Mama Madison: Kids will find their own passions in their own ways

Finding a calling

"I'm envious, mom," said my twelve-year-old daughter as she hopped in the car after theater camp last week. "All the other kids in my group seem to really like, and to be really good at, singing, dancing and acting. But I think all those things are just okay." As we drove home she continued to ponder her indifference: "I think it would be kind of cool to be like one of those kids on Glee," she relayed. "But I guess I'm really just not that in to drama."

For my daughter, this kind of "okay-ness" isn't an anomaly. Tennis lessons have been okay. Pottery camp was no more than mildly enjoyable. Horse camp was fine -- except for the horse part.

None of my daughter's dispassion has been the fault of her coaches or counselors. We have been very fortunate to experience more than our fair share of top-notch youth programming in town. But after summers of trying sports camps, swim team, sailing and more, my daughter and her 14-year-old brother have yet to find an activity that really floats their boats.

Now don't get me wrong; it's not that they don't enjoy doing anything. It's more that their interests tend to fall in the camp of things that don't have a summer camp built around them.

My son, for instance, could play Xbox football 27/7 if I'd let him. But going outside to play real football in the park with his buddies? Not so much. So the deal we struck this summer was that if he signed up for a Shakespeare program that has him out of the house doing something (his mother feels is) engaging from 9 to noon everyday, I wouldn't nudge him about how he spends the afternoon. So far, it's working out okay. And who knows, maybe this mash-up of activities will inspire him to do something productive, like write a gridiron-influenced play. "Much Ado About Madden" certainly has a nice ring to it.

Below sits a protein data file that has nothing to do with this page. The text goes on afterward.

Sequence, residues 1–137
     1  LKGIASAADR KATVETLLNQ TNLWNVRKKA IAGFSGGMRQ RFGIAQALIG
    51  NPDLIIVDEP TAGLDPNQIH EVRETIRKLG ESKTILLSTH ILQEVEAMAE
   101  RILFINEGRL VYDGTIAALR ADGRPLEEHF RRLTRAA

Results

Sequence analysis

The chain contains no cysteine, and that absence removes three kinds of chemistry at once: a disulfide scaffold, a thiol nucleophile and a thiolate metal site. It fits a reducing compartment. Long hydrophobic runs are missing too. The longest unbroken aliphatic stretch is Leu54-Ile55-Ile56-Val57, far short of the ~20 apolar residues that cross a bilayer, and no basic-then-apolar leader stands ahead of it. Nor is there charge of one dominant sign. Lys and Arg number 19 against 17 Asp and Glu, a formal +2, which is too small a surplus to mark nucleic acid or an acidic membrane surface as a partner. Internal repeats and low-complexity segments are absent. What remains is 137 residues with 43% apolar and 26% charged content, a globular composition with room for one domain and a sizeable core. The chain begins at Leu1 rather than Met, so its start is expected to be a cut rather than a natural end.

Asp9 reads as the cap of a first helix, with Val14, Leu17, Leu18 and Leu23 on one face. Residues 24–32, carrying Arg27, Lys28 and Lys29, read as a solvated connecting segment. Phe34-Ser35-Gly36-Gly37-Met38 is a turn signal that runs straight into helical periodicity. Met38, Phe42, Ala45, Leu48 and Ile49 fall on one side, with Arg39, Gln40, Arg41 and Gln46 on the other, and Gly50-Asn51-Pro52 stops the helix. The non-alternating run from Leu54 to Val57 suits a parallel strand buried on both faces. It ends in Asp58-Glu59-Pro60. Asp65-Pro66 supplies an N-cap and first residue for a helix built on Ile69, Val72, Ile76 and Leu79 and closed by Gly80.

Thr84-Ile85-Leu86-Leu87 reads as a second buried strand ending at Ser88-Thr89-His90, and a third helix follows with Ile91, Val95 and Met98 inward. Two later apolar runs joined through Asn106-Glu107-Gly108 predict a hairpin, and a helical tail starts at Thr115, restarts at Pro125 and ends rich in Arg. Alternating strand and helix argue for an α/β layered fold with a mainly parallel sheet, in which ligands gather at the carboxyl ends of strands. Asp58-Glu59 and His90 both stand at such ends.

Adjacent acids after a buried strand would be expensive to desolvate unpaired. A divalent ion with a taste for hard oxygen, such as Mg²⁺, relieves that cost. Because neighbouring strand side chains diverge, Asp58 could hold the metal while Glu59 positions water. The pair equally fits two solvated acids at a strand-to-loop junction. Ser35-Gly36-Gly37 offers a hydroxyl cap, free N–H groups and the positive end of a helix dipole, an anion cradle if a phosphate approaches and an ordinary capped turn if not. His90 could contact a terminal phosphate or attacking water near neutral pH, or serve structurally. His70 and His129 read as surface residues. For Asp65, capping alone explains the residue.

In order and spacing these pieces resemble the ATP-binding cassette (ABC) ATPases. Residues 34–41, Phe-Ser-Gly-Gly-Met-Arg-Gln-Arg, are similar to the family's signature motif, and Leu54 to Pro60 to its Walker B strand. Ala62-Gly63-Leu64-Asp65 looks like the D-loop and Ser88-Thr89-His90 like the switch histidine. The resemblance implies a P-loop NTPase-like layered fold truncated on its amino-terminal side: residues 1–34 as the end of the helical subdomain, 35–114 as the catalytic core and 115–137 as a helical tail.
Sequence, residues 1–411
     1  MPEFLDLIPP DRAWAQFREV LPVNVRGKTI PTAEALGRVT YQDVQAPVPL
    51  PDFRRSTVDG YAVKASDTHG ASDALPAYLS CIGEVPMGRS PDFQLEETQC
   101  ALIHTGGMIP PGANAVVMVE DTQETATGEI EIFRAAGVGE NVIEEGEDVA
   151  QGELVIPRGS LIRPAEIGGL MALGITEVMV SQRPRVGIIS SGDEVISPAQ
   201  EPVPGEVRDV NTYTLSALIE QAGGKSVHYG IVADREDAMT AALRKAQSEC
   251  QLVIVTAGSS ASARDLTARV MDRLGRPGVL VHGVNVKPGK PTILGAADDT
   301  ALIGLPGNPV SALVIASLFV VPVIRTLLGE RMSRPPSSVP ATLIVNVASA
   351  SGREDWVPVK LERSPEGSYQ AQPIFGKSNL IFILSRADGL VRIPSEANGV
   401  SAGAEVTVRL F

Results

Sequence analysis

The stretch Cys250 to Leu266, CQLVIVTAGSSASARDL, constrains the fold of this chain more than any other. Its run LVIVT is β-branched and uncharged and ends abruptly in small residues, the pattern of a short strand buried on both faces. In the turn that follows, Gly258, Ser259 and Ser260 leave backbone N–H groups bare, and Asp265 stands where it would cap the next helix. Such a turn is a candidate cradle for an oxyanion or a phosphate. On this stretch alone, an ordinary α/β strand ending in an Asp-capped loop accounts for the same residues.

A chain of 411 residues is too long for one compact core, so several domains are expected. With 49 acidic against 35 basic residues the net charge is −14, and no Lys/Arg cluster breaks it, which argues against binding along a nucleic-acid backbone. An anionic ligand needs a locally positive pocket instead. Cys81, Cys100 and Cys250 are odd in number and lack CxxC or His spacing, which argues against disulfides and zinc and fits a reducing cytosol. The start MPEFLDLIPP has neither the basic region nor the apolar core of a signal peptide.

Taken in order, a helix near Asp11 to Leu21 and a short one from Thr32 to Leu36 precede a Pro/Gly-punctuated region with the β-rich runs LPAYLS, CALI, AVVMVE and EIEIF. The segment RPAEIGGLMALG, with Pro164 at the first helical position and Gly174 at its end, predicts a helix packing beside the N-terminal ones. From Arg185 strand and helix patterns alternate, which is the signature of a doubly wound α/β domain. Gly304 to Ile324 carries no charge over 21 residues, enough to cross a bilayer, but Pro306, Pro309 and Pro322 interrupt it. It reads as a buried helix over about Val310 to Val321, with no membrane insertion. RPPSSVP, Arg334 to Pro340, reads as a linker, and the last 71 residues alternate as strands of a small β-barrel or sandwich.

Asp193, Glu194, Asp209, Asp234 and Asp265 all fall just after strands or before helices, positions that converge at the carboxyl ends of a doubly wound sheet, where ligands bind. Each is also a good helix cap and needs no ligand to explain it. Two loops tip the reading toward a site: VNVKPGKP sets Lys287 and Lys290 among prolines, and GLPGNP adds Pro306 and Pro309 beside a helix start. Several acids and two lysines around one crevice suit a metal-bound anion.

And, while based on this year's drama camp experience, it's unlikely she will become the next Meryl Streep, my daughter is not without discernible talent. She is truly gifted, I've discovered this summer, when it comes to polishing her own nails. I think she has given herself a different manicure and pedicure nearly every day this month. She painted ten little well executed flags on her fingers for Independence Day and is now sporting a Galaxy theme (glittery planets, moons and stars) on each of her toes. She is currently working on mastering a reverse French manicure with the same ferocity as an elite diver might work on her inward three and a half-- you could say she's a nail-art ninja.

Truth be told, though, it's not just my daughter who is envious of her friends who have found their passion. I, too, get subtle pangs of envy when I hear of yet another kid who has found their bliss doing something that seems to be practical and summer-camp worthy. So I asked my daughter on that ride home last week what she planned on doing for the rest of her summer, and every summer henceforth, since she hasn't yet stumbled upon a single program that she wants to sign up for again.

"Mom," she said, "maybe it's time for me to be done with camp. I can always go up and down University Avenue and see if any of the nail salons need a a junior intern."

You have to appreciate her pre-professional drive.

So whenever I scroll through my Facebook feed and feel that little green monster creeping up upon seeing another one of my friends' kid's well-deserved accomplishments, I'll need to remind myself that not every kid is destined to be a championship quality (non-video game) athlete or a singer, dancer or musician. Virtual football and expert manicure skills are talents in their own right. And hopefully someday they'll come up with a Mommy camp that can help train me to be "okay" with that.

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